4. Ravinder Singh Bhalla becomes head of Hoboken, New Jersey’s city council
I am open to being corrected, but to my knowledge, Ravinder Singh has broken through a glass ceiling and is the first turbaned Sikh to head a city council in any city in America. His example demonstrates the acceptance of Sikhs in the United States, and it is a laudable accomplishment for which he should be congratulated. I hope many Sikhs in this country will take his example and become more involved in their communities and political process.
UPDATE – January 11, 2012: Commenter A_itoj Singh brought to my attention that Harvinder “Harry” Singh Anand, another turbaned Sikh actually pre-dated Ravinder Singh as a turbaned Sikh who headed a city council. Harvinder Singh was elected Mayor of Laurel Hollow (an affluent village in New York) back in 2007, and still holds this position. More information about Harvinder Singh is available on wikipedia, as well as in a 2007 article appearing in the New York Times, and in an interview with with Nikki Rattan in 2008.
5. Religious rights defended in New York
Both the City and State of New York each took steps to protect religious rights of their citizens during the 2011.
In August, the Mayor of New York city, Michael Bloomberg, signed into law the Workplace Religious Freedom Act, to legally require employers to reasonably accommodate the religious requirements/practices of employees. This act is a valuable precedent for Sikhs who often times face challenges in employment due to turban, uncut hair and other religious articles of faith.
The State of New York followed this in November with its Religious Rights Initiative to help combat discrimination and educate communities about the state’s legal requirements around religious rights. For New York’s sizable Sikh population, this focus by the State’s Attorney General will certainly help to bring down barriers and provide a platform on which Sikhs can defend themselves against discrimination based on religion.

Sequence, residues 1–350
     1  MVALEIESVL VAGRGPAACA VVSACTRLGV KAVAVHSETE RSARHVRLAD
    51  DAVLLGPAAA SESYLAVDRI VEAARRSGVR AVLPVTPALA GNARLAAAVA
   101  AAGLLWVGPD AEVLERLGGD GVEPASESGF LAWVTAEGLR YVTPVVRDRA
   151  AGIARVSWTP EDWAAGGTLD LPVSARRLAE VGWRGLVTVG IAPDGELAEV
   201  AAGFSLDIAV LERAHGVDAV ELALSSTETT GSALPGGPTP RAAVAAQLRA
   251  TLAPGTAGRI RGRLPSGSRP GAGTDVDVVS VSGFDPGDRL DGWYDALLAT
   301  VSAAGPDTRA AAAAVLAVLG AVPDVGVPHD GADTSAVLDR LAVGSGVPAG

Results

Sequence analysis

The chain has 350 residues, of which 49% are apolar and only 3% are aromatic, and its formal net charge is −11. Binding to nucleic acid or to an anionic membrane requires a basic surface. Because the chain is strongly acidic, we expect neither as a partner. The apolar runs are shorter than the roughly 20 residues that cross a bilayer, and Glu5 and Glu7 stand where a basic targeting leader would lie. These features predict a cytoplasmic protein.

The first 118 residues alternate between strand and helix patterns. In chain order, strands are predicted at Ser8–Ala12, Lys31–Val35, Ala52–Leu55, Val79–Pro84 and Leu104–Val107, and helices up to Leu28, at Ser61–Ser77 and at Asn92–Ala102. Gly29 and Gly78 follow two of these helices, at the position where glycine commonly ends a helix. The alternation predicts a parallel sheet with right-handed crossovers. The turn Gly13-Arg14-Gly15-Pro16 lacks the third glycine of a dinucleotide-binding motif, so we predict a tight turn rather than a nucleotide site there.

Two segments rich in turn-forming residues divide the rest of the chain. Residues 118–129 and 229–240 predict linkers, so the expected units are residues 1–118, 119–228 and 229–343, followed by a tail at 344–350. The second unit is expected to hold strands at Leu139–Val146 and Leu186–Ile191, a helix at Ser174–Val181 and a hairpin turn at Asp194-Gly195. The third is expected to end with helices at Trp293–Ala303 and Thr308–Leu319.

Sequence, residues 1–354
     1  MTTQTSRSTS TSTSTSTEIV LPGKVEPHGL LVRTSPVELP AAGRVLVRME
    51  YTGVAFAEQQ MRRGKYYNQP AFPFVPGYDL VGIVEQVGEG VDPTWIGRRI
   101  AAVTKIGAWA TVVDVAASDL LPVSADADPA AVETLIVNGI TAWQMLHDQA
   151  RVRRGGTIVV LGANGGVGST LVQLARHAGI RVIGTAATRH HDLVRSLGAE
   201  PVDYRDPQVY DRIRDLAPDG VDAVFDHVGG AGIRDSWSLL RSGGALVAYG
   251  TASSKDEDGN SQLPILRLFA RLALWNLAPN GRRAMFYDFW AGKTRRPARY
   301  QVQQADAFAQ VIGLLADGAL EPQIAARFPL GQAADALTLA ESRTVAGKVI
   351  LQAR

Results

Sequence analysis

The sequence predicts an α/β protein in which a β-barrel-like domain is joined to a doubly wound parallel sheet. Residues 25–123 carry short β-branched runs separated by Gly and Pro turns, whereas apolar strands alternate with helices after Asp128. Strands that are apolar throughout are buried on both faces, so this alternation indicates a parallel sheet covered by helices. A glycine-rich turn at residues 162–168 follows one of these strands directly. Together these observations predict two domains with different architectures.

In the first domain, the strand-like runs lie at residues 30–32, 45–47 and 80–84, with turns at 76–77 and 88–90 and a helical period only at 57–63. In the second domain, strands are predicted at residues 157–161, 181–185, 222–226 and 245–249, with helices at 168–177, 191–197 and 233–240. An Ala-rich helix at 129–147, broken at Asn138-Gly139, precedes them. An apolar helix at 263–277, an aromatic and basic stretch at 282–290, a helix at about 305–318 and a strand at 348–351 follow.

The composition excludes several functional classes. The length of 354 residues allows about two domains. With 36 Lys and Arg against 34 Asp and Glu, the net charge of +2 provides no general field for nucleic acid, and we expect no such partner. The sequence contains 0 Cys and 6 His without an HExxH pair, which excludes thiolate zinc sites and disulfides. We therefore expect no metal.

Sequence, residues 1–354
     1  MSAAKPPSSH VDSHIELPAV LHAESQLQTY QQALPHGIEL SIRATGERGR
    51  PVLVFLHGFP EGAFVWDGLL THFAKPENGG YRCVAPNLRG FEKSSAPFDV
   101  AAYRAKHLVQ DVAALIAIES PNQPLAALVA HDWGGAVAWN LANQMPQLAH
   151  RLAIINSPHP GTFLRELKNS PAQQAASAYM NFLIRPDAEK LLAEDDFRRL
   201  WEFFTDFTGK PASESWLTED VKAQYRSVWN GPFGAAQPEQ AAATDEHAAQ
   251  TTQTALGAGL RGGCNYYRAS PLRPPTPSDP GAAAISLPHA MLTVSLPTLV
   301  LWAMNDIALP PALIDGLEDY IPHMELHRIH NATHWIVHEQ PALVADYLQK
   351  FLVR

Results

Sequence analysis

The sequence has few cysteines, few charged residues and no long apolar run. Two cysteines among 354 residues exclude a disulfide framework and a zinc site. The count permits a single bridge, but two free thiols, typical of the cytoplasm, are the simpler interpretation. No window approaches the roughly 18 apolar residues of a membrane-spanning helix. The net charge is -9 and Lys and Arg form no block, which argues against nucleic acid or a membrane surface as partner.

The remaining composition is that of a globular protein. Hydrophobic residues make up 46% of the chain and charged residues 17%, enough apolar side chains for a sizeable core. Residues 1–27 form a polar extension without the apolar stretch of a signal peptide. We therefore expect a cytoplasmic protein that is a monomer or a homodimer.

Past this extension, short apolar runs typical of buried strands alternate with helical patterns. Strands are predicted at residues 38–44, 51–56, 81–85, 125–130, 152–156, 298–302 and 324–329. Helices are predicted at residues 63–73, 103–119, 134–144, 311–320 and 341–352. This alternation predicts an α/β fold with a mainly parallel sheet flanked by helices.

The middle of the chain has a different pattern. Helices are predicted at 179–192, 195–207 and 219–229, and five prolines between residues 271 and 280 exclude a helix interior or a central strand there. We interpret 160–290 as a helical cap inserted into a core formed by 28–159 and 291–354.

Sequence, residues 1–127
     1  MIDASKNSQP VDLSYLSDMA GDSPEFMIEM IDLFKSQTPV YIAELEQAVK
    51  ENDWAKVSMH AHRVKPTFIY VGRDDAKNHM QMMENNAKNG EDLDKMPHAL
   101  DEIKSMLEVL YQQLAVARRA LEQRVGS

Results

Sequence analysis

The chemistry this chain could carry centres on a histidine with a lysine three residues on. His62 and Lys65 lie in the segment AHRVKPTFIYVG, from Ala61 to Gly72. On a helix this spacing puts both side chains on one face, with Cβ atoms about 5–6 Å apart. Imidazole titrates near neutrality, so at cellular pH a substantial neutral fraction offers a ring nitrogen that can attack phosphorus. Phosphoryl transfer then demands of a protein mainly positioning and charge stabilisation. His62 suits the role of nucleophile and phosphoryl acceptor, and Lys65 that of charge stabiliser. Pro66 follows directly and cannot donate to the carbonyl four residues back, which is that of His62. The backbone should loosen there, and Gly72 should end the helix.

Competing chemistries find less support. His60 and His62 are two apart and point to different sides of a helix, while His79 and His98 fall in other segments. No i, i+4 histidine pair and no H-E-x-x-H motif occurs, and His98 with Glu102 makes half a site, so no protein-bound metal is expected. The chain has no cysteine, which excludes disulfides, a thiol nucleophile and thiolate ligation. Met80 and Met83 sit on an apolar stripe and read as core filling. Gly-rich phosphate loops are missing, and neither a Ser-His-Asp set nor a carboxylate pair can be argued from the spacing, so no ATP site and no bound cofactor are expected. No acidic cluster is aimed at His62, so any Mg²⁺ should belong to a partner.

There could certainly be other stories that could make the list of the top Sikh American stories of 2011. I followed the pursuit of justice in US civil court by Sikhs for Justice against Kamal Nath, accused of organizing anti-Sikh pogroms in India in 1984. Many of the conspirators of this massacre have escaped with impunity in India, so how this case has proceeded under US law to achieve justice has been significant.
Also, the protection of the tribute to Balbir Singh Sodhi by Arizona Governor Jan Brewer (and the story of how that was achieved with grace by his brother Rana Singh Sodhi and other Sikh groups) was one of significance, as we saw that ignorance about the impact of 9/11 on Sikhs and other minorities still rears its head at high levels. We also saw how important and fruitful it is to take the initiative to educate our neighbors and public officials about who we are.